Wake Up and Smell the Coffee, Part Two: No Decaf Allowed.

Ephesians 6:10-17;
Luke 13:10-17.

The Twenty-Seventh Sunday after Pentecost.

A Postfestive Day of the Entrance.

The Holy Great Martyr Catherine.

The Holy Great Martyr Mercury.

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3:05 AM 11/25/2013 — Today's Apostolic reading doesn't exactly pick up where last week's left off. We had heard the first half of Chapter Five of Ephesians, in which the Blessed Apostle Paul quotes to the Christians in that cosmopolitan town what we believe may have been a hymn they were singing at baptisms about arising from sleep to be enlightened by Christ; but, he gives it a second meaning for them, reminding them that all is not sweetness and light for the Church of Christ; that they must “wake up and smell the coffee,” as we paraphrased. Thankfully, the Typikon skips the first half of Chapter Six altogether, so we don't have to wrestle with why wives must obey their husbands; instead, it deposits us right in the middle of the chapter, where the Apostle begins to wrap up his letter and summarize it all for them.
     Why am I spending so much time on this relatively short letter? Because it deals with the most neglected subject in Christendom: the subject of grace, which, as you know, has been one of our recurring themes here. Paul has been talking about the Devil, and how the evil and temptation against which we battle every day is not random: there is an intelligence behind it. Again he reminds the Ephesians that, in spite of what they may have placated themselves into believing, they are living in an evil age; and, if they don't wake up and realize it, they will be defeated before they even realize they're at war. He becomes so explicit about it in today's reading, he even lapses into a military metaphor:

You must wear all the weapons in God’s armoury, if you would find strength to resist the cunning of the devil. … Take up all God’s armour, then; so you will be able to stand your ground when the evil time comes, and be found still on your feet, when all the task is over. …take up the shield of faith, with which you will be able to quench all the fire-tipped arrows of your wicked enemy; make the helmet of salvation your own, and the sword of the spirit, God’s word (cf. 6:10-17).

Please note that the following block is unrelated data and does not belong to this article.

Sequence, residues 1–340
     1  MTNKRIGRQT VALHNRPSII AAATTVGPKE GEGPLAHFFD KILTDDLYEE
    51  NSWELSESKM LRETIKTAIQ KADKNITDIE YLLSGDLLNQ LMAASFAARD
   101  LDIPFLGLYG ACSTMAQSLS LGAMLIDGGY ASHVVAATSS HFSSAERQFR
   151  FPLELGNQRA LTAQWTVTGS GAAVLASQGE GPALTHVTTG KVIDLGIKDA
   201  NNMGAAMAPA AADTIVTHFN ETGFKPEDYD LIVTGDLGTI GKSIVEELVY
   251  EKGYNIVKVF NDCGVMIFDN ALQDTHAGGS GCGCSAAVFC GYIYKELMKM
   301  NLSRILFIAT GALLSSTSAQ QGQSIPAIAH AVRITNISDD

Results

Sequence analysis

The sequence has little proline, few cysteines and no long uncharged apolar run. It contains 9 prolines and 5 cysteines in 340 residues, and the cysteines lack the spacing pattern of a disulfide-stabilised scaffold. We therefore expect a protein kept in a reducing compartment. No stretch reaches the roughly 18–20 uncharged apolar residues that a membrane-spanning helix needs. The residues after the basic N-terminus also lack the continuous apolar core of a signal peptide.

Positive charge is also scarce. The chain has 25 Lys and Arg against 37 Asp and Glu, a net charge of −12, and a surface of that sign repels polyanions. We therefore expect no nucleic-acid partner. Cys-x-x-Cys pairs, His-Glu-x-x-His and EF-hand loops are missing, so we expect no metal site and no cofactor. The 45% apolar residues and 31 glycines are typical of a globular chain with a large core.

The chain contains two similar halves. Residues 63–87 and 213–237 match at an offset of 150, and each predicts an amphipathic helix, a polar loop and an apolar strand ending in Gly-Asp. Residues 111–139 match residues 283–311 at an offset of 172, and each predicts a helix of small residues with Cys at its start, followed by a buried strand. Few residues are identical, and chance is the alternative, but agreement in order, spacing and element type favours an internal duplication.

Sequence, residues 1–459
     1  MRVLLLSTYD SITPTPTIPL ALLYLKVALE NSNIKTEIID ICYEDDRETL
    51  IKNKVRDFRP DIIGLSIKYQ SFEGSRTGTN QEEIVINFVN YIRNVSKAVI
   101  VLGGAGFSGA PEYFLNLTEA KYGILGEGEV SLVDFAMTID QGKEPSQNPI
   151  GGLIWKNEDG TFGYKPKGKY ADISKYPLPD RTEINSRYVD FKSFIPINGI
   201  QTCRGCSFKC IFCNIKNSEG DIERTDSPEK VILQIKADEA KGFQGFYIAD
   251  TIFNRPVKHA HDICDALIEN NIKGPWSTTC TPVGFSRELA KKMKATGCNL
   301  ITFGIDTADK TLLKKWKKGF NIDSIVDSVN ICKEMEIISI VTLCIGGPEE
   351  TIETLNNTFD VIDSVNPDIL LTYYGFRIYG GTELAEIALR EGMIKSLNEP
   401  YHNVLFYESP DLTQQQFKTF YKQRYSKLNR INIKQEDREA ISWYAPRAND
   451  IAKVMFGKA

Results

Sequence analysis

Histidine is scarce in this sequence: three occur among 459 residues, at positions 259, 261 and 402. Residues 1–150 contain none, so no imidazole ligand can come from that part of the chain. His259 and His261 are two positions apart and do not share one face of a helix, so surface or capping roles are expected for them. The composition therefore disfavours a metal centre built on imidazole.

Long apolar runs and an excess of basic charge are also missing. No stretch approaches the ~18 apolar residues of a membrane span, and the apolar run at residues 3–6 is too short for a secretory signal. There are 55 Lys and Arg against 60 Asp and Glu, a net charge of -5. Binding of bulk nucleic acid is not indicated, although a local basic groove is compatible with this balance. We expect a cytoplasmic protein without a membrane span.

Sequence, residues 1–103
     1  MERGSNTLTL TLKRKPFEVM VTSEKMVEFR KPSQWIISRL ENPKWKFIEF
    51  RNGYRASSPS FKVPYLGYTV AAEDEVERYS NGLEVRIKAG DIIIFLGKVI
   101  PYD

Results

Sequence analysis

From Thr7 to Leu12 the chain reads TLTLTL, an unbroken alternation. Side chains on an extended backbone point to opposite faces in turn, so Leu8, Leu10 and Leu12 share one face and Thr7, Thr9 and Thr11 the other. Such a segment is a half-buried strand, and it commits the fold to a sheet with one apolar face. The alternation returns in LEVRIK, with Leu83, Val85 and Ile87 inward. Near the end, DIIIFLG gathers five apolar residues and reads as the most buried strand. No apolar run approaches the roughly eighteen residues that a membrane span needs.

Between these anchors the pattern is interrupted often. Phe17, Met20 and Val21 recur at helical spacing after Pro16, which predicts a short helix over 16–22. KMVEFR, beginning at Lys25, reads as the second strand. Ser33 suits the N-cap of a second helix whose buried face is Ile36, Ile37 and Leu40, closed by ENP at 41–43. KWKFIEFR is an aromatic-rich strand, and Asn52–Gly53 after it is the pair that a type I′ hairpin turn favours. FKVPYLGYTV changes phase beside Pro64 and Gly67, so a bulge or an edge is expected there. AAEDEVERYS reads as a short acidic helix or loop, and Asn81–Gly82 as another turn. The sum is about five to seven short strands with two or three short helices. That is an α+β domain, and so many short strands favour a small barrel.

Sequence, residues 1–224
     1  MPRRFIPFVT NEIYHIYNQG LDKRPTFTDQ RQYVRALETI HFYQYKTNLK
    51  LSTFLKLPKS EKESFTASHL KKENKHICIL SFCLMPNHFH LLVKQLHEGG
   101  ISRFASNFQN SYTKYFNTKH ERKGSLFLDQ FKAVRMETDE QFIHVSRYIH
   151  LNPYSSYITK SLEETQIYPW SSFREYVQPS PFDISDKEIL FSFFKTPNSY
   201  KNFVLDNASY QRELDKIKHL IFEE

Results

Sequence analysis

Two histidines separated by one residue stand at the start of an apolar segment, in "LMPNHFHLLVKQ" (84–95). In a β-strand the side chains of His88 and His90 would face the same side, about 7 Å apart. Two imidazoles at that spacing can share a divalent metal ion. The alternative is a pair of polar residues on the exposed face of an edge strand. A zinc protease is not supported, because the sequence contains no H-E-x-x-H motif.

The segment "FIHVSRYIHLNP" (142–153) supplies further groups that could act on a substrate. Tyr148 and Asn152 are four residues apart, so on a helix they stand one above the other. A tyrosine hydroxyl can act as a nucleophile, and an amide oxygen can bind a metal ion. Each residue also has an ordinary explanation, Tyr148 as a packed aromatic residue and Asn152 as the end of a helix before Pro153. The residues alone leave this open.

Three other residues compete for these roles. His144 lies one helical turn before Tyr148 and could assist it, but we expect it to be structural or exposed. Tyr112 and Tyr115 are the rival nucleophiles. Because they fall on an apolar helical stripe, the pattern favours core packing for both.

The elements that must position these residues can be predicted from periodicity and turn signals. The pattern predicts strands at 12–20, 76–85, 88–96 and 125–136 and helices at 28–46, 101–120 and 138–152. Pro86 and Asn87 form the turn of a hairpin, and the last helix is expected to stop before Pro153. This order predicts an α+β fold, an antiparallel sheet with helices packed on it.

He could be Charlemagne giving a pep-talk to his troops before battle, except that he's not. He's an Apostle of Christ, trying to get his spiritual children to realize that they are at war in a very real sense, even though it's not against an enemy of flesh and blood: “It is not against flesh and blood that we enter the lists; we have to do with princedoms and powers, with those who have mastery of the world in these dark days, with malign influences in an order higher than ours” (6:12). Who's he talking about? Remember two week's ago when we focused on the Synaxis of the Archangel Michael and the Heavenly Powers, and made reference to the Revelation of St. John: the Devil is driven out of heaven with his followers and sent to hell, from where they continue to make war against God by proxy, by making war against us, trying with all their might to turn us away from salvation. And Paul is telling his “troops,” if you will, that they have the better weaponry. All the Devil has in his arsenal are the vices: greed, avarice, lust, self-promotion, all of which designed to target the natural appetites that infect our human condition; but the Christian's weapons are made for him by God: the shield of faith, the helmet of salvation, the sword of God's Word: “Stand fast, your loins girt with truth, the breastplate of justice fitted on, and your feet shod in readiness to publish the gospel....” (6:14).